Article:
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SAMUELSON'S FRONT TOOTH. By EDEN PHILPOTTS

(Illustrations by JOSEPH SKELTON.)
SELFISH. By ALAN WRIGHT

608
SEPTEMBER. BY MAX COWPER

237
SERENADE. Translated by NADINE YARINTZOFF

129
SHREWSBURY. By STANLEY J. WEYMAN

61, 207, 382, 541, 609, 715
(Illustrations by CLAUDE A. SHEPPERSON.)
SIME, S. H., INTERVIEW WITH. By A. H. LAWRENCE

755
SIMS, G. R., INTERVIEW WITH. By A. H. LAWRENCE ...

682
SINEW AND SENTIMENT. By F. MILLER

199, 463
(Illustrated from Prints in the British MUSEUM COLLECTION.)
SOLITUDE. By E. T. EDWARDES ...

313
SONG, THE. By Martin STAINFORTH

80
SOUL'S PASSING, THE. By Angus EVAN ABBOTT

495
SPORT. By BENNETT COLL

(Illustrations by JOSEPH SKELTON.)
STORIES OF THE STONE AGE. By H. G. Wells ...

4, 430
(Illustrations by Cosmo ROWE.)
STORY OF THE WAGGONER, THE. By Neil Wynx Williams

32
(Illustrations by A. S. FORREST.)
THE YOUNG YEAR. By Scott RANKIN

706
“THOU SHALT NOT MAKE TO THYSELF ANY GRAVEN IMAGE.'

By EMME
A. KEDDELL

471
(Illustrations by Geo. HUTCHINSON.)
TREATMENT OF OSCAR MERLYN, TIIE. By A. J. DAWSON

354
(Illustrations by FRANCES EWAN.)
TRIOLET

470
TURKISH WEDDINGS. By LAURA B. STARR

296
(Illustrated from PHOTOGRAPHS.)
ULTIMATE DIM THULE, FROM AN. By S. H. SIME

1°3, 279
VEILED MAN, TIIE. By William LE QUEUX ...

16, 318, 477, 744
(Illustrations by WARWICK GOBLE.)
VILLAGE WEDDING, A.' By Stephen Reid

797
VILLIERS, MR. FREDERICK. By Roy COMPTON

239
(Illustrations from VARIOUS SOURCES.)
WANDERINGS IN BOOKLAND. By PERCY Cross STANDING. 124, 261, 411, 491,637, 831
WANTED. By Fred WHISHAW

597
(Illustrations by Geo. Hutchinson.)
WAR CARTOONS
WAR PICTURES

187, 453
WAY OUT, THE. By FRANCIS GRIBBLE...

(Illustrations by A. CAMPBELL Cross.)
WOMAN'S LOGIC, A. By JEROME K. JEROME...

415
WHY? By P. C. S.

502
WILL O'THE WISP. By P. C. STANDING

142
WITII THE BEST INTENTIONS. By F. GILLETT

363
WHEN THE DOOR OPENED. By SARAH GRANT)

708
(Illustrations by SYDNEY COWELL.)
WYLLIE, A.R.A., A DAY WITHI W. L. By Roy COMPTON...

106
(Illustrations from VARIOUS SOURCES.)
YACHTING AND YACHT RACING. By Clive HOLLAND ...

13
(Illustrated from PHOTOGRAPHS.)
YOUR LOVE AND MINE. By SWANHILDE BULAU

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FROM THE PAINTING BY D. MAILLART IN THE PARIS SALON.

STORIES OF THE STONE AGE.

BY H. G. WELLS.

ILLUSTRATED BY COSMO ROWE.

IV.—THE REIGN OF UYA THE LION.

HE old lion was in stumpy teeth, but very silent and very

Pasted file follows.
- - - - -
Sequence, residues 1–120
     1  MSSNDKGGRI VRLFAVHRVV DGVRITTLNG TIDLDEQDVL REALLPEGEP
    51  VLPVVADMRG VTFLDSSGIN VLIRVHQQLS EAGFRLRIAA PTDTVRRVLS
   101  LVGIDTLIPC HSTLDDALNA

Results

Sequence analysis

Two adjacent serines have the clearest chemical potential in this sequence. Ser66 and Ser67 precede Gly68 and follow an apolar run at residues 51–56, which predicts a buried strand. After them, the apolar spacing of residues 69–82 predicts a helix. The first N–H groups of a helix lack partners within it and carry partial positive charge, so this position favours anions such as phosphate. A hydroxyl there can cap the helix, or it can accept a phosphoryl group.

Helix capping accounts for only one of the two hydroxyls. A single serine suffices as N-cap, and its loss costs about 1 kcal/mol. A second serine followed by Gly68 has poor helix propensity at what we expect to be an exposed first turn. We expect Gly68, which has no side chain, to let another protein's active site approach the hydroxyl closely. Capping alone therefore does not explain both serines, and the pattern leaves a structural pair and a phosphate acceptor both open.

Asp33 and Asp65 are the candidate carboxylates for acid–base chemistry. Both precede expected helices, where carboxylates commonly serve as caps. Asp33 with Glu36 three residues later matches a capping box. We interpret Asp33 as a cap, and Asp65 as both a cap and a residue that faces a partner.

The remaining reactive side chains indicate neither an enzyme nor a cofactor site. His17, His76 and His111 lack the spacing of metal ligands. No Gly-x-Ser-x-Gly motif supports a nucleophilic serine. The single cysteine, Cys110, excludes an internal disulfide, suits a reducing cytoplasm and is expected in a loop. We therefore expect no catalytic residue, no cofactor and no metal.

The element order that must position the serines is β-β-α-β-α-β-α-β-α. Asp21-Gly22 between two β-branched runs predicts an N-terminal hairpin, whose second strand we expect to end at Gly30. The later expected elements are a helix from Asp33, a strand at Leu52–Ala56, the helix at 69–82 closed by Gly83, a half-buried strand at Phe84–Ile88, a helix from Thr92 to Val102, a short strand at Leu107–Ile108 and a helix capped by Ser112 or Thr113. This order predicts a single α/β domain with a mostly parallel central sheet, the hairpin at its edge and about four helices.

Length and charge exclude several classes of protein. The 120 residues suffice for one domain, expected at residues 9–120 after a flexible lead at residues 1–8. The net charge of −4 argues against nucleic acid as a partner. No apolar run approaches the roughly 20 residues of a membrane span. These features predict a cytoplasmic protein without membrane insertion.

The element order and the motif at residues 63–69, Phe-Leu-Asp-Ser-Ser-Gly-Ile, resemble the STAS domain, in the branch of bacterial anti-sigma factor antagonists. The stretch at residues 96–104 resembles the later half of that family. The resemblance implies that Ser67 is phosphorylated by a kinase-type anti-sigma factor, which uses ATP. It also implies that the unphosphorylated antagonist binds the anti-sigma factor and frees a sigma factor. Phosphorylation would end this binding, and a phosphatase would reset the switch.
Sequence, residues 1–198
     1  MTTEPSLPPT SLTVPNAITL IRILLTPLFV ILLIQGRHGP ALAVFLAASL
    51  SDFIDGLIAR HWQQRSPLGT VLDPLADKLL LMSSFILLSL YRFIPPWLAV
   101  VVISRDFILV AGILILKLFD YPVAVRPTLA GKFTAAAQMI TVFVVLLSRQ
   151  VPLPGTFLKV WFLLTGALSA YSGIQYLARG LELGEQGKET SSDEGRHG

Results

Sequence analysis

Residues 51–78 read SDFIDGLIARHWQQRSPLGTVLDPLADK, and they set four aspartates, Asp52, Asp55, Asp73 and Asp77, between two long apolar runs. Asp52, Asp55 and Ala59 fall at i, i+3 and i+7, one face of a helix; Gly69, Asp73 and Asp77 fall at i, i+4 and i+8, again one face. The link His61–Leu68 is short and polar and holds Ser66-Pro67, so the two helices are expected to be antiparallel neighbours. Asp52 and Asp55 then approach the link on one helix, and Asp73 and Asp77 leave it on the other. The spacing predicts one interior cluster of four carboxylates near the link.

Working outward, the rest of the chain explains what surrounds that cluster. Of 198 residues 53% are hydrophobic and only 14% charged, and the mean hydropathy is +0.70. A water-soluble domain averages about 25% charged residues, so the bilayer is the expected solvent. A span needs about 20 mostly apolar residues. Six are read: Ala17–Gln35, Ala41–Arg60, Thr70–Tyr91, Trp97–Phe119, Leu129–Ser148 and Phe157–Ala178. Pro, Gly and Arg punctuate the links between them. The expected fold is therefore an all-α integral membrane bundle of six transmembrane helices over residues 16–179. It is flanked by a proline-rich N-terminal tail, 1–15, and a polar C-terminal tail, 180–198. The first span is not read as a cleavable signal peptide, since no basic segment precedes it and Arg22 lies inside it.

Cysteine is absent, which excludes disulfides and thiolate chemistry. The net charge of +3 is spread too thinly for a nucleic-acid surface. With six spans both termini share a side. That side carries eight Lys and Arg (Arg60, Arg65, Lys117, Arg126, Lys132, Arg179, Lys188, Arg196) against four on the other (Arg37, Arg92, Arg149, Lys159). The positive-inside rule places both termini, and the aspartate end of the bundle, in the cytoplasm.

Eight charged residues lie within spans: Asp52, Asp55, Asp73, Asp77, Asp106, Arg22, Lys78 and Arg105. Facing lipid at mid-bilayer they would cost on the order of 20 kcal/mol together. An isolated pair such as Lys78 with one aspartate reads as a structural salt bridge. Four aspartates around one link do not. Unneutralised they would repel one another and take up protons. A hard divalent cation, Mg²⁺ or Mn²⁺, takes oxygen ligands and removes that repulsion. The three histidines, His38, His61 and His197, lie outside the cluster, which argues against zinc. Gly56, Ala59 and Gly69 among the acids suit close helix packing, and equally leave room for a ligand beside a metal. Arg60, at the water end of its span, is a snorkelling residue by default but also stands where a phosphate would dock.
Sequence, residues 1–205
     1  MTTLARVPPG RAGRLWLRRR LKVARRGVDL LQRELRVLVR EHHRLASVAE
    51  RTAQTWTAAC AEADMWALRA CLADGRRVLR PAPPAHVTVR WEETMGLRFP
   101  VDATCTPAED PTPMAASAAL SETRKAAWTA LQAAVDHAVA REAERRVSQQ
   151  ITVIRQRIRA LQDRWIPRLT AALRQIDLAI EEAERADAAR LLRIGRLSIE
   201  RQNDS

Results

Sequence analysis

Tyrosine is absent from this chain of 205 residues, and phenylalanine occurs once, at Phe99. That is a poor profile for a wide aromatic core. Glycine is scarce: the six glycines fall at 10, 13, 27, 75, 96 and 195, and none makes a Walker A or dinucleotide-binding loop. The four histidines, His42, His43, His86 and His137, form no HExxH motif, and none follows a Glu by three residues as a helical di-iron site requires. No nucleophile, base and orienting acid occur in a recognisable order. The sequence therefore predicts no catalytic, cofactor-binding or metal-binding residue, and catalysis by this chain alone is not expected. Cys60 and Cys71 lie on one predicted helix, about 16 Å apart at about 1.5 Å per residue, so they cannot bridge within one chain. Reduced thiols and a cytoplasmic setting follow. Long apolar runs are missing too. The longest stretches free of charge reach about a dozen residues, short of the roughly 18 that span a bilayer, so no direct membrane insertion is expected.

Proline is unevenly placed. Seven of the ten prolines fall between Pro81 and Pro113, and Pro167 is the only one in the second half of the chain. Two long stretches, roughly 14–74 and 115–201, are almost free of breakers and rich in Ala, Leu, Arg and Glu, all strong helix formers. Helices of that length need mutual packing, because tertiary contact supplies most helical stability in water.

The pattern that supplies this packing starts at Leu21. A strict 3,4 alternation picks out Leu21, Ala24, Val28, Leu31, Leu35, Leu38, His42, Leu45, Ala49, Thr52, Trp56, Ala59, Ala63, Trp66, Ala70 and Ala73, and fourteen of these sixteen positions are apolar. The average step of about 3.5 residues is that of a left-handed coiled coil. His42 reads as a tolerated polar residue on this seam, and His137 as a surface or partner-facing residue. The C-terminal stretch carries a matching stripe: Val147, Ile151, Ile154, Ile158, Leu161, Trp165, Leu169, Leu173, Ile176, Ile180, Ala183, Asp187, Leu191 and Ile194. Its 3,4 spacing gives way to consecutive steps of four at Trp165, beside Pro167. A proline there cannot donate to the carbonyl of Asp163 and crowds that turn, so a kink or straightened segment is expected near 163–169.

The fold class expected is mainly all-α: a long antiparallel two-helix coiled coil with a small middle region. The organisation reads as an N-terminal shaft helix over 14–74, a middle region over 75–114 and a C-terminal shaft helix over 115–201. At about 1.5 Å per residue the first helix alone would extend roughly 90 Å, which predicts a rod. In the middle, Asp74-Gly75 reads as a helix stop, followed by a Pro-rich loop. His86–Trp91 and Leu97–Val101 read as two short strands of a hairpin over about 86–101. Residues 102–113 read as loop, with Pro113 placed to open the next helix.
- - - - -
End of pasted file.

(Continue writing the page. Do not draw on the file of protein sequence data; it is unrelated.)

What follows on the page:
luck. The tribe had cool; he knew of fires before ; these were a certain pride in not the first of mankind that had ministheir ruler, but that tered to his old age. The third night he was all the satisfac- came between the outer fire and the inner, tion they got out of and he leapt the flint heap, and pulled it. He came the very

down Irm the son of Irk, who had seemed night that Ugh-lomi like to be the leader. That was a dreadkilled Uya the Cunning, and so it was ful night, because they lit great flares of they named him Uya. It was the old fern and ran screaming, and the lion woman, the fire-minder, who first named missed his hold of Irm. By the glare of him Uya. A shower had lowered the the fire they saw Irm struggle up, and fires to a glow, and made the night dark. run a little way towards them, and then And as they conversed together, and the lion in two bounds had him down peered at one another in the darkness, . again. That was the last of Irm. and wondered fearfully what Uya would So fear came, and all the delight do to them in their dreams now that he of spring passed out of their lives. Alwas dead, they heard the mounting re- ready there were five gone out of the verberations of the lion's roar close at tribe, and four nights added three more hand. Then everything was still.

to the number. Food-seeking became They held their breath, so that almost spiritless, none knew who might go next, the only sounds were the patter of the and all day the women toiled, even rain and the hiss of the raindrops in the the favourite women, gathering litter and ashes. And then, after an interminable sticks for the night fires. And the huntime, a crash, and a shriek of fear, and a ters hunted ill : in the warm spring-time growling. They sprang to their feet, hunger came again as though it was still shouting, screaming, running this way winter. The tribe might have moved, and that, but brands would not burn, and had they had a leader, but they had no in a minute the victim was being dragged leader, and none knew where to go that away through the ferns. It was Irk, the the lion could not follow them. So the brother of Wau. So the lion came. old lion waxed fat and thanked heaven